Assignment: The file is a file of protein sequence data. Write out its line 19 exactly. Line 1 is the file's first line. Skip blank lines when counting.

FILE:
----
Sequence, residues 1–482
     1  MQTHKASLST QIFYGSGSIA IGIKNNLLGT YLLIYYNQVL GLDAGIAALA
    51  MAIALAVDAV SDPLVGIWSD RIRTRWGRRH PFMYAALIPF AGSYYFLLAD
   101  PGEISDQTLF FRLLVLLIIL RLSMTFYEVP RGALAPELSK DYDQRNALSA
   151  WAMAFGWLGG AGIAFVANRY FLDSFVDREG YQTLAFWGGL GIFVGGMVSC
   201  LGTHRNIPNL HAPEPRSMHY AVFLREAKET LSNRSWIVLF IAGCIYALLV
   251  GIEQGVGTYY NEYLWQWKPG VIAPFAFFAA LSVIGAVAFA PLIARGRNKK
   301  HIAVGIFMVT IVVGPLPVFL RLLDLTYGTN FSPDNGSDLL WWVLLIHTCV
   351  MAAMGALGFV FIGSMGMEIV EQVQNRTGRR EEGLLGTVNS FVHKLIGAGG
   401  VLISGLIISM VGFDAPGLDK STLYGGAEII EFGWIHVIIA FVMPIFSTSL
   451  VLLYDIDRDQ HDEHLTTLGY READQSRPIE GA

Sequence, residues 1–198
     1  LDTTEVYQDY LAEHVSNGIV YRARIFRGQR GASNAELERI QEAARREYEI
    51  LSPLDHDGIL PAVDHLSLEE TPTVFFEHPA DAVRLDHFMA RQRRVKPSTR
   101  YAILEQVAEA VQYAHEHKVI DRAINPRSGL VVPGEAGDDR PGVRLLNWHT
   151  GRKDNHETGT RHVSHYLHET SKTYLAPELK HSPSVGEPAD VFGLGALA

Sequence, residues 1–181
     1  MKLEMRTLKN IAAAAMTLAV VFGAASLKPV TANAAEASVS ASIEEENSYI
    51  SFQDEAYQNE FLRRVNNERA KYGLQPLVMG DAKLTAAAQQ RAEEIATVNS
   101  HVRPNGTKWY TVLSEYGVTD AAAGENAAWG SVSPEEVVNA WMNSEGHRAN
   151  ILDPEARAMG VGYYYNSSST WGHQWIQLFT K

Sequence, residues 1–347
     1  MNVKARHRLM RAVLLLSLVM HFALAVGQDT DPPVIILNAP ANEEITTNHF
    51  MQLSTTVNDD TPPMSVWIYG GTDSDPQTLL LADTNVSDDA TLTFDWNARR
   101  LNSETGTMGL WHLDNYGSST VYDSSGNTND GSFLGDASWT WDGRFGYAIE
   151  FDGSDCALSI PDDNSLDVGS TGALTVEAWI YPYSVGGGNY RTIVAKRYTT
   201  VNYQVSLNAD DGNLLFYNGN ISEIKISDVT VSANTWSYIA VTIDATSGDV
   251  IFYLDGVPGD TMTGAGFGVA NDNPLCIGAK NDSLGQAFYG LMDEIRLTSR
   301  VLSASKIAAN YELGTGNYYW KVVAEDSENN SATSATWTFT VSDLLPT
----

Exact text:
    51  SFQDEAYQNE FLRRVNNERA KYGLQPLVMG DAKLTAAAQQ RAEEIATVNS